Back in about 2010, we were doing a lot of research for an exhibit on Creston’s military history (more on that later). In the process, we learned about Jack Hall, a veteran of the Canadian Army in World War II (there were two Jack Halls, actually: One who lived at the top of 16th Avenue and one who lived out in Erickson next to the school. Both were veterans of the Canadian Army in World War II. This is the 16th Avenue Jack Hall).
We stumbled across a little newspaper snippet, late 1945 or early 1946, that told us Jack Hall had just returned from service overseas, where he had served in a tank named Bomb. It was the first real clue we’d found as to his wartime service. So we followed up with Professor Google…
…and discovered that the tank, Bomb, was a Canadian-built Sherman tank of the Sherbrooke Fusiliers, that rolled off the landing craft on D-Day – and was the only one still fighting on VE Day.
Jack Hall was the gun loader, and one of only three crew members who served with the tank through its entire incredible journey through northern France, the Netherlands, and into Germany. You can read more about it here.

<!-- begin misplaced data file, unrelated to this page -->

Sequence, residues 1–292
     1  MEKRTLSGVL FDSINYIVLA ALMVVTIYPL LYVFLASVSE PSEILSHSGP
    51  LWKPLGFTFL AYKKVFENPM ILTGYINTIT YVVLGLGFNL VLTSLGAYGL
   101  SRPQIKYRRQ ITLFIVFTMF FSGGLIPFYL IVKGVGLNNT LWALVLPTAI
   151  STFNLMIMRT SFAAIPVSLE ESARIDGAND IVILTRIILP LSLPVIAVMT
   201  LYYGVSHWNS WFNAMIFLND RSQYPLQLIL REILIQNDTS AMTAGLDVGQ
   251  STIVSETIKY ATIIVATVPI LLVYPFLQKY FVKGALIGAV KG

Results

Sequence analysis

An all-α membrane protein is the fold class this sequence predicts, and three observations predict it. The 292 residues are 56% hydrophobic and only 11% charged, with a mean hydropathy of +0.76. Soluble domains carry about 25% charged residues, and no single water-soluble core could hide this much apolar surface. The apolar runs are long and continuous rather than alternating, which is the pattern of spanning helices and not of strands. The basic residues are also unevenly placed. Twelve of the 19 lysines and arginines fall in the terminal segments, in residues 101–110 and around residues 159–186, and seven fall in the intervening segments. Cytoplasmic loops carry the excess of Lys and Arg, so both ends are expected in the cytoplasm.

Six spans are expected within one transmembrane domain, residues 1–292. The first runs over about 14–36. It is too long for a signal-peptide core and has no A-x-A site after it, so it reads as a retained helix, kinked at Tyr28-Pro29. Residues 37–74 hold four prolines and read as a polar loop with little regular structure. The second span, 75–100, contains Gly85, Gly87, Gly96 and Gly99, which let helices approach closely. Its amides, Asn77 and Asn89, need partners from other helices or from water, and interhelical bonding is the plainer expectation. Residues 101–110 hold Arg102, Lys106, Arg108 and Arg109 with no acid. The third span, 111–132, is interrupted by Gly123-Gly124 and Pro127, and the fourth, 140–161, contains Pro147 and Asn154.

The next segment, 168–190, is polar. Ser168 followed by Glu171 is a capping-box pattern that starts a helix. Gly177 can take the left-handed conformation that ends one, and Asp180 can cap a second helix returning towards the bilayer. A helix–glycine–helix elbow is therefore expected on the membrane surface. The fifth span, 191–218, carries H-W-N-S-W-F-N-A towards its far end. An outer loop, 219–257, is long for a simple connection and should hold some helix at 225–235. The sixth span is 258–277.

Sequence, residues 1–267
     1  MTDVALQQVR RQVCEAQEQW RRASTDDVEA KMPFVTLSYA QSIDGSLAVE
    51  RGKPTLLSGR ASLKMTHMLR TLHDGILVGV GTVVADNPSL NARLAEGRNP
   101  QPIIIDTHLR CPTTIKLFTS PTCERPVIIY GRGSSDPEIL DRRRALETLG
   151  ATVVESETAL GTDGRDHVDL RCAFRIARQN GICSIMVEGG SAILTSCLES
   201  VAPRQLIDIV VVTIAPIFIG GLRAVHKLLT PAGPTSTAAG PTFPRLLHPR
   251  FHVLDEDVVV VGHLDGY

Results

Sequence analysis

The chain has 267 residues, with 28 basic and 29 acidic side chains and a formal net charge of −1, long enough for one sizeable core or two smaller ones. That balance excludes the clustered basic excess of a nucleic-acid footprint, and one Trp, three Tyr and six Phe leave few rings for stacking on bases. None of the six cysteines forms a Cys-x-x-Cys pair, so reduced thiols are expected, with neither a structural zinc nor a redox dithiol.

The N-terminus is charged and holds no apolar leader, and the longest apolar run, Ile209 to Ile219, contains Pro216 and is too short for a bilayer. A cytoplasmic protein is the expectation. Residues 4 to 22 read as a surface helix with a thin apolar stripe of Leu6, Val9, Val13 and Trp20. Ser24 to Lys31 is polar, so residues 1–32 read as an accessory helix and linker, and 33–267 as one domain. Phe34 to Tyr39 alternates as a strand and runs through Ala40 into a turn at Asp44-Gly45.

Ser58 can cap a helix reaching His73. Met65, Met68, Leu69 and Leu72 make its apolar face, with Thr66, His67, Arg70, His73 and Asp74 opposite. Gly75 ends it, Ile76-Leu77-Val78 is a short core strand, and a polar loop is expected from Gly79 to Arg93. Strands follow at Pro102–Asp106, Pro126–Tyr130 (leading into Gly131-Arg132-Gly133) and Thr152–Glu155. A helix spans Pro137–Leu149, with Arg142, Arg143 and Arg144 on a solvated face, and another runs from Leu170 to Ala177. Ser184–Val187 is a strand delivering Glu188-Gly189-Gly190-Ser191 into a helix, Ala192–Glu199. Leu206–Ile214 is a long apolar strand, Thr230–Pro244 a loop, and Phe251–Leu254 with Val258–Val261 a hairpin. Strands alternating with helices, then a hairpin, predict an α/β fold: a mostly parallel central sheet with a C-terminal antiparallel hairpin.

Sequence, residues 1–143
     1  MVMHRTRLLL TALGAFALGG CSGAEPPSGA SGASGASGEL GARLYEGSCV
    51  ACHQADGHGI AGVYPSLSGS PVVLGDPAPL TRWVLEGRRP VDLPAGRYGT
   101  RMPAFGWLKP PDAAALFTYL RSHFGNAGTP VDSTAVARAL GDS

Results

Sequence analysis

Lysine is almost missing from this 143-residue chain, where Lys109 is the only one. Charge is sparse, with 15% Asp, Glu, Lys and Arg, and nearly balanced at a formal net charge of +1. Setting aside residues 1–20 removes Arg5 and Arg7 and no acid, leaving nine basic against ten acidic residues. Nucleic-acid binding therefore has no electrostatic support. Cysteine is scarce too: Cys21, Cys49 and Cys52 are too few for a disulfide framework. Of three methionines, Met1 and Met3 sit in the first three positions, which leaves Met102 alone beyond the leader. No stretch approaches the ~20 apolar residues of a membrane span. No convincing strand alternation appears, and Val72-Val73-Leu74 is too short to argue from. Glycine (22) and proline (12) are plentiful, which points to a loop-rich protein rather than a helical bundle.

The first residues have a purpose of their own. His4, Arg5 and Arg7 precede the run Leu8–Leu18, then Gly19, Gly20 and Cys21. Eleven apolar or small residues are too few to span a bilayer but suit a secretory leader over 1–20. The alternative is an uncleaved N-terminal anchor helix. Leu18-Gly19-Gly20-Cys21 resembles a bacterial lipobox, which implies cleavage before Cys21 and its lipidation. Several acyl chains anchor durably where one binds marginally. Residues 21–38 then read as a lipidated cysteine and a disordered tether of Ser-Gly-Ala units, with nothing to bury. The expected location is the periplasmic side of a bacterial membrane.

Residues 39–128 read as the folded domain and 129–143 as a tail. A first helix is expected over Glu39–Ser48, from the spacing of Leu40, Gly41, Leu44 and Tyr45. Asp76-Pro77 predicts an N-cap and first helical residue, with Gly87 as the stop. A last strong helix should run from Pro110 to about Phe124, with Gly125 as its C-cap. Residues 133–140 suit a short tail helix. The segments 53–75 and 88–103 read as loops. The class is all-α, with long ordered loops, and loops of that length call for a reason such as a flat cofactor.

Surprisingly, we could find very few photos of this remarkable achievement – some official after-the-fact photos like the ones above and at the top of the page, plenty of the restored tank sitting outside the Fusiliers’ headquarters, but virtually none of it in operation.
But in 2013, Jack’s cousin Shirley McDonald brought in this:
It’s a photo album full of photos from Jack’s service in World War II: standing in front of the shop on his parents’ property in his new uniform; posing with the tank in a forest near the Rhine River; joining in the celebrations for the liberation of Holland; standing on the reputedly unbreakable Siegfried Line just after they had broken it.
I tell you, it’s definitely a highlight of the job when something like that lands on your desk!